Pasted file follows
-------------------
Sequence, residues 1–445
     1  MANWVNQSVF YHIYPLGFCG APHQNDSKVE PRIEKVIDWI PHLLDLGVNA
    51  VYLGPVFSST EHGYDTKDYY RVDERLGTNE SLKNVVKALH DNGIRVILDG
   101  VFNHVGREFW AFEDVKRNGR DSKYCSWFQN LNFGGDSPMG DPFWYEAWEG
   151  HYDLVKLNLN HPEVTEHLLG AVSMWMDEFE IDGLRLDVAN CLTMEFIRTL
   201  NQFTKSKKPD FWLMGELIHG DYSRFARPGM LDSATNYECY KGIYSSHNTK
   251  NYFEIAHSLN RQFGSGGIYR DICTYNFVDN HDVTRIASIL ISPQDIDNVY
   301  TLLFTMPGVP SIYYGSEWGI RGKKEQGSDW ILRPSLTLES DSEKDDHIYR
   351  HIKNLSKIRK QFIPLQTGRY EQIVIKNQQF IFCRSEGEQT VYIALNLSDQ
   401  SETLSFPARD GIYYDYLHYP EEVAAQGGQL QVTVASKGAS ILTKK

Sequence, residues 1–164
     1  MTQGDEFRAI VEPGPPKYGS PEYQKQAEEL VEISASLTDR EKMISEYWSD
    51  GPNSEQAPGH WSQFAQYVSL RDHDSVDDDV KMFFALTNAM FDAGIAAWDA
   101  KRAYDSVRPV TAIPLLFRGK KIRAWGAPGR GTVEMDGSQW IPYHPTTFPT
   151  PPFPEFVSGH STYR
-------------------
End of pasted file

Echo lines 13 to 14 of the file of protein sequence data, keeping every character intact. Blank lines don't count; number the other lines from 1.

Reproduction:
    51  GPNSEQAPGH WSQFAQYVSL RDHDSVDDDV KMFFALTNAM FDAGIAAWDA
   101  KRAYDSVRPV TAIPLLFRGK KIRAWGAPGR GTVEMDGSQW IPYHPTTFPT